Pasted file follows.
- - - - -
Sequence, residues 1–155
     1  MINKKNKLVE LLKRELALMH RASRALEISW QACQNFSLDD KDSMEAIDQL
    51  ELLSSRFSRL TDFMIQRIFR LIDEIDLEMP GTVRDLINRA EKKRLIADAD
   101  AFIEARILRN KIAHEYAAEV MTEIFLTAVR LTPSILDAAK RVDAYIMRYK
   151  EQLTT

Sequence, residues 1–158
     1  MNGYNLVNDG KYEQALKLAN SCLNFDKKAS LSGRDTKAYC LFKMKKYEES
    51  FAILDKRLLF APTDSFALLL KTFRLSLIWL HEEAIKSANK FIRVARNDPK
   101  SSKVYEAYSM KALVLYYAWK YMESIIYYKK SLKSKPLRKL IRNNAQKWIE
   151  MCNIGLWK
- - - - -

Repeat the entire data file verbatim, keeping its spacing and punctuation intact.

Sequence, residues 1–155
     1  MINKKNKLVE LLKRELALMH RASRALEISW QACQNFSLDD KDSMEAIDQL
    51  ELLSSRFSRL TDFMIQRIFR LIDEIDLEMP GTVRDLINRA EKKRLIADAD
   101  AFIEARILRN KIAHEYAAEV MTEIFLTAVR LTPSILDAAK RVDAYIMRYK
   151  EQLTT

Sequence, residues 1–158
     1  MNGYNLVNDG KYEQALKLAN SCLNFDKKAS LSGRDTKAYC LFKMKKYEES
    51  FAILDKRLLF APTDSFALLL KTFRLSLIWL HEEAIKSANK FIRVARNDPK
   101  SSKVYEAYSM KALVLYYAWK YMESIIYYKK SLKSKPLRKL IRNNAQKWIE
   151  MCNIGLWK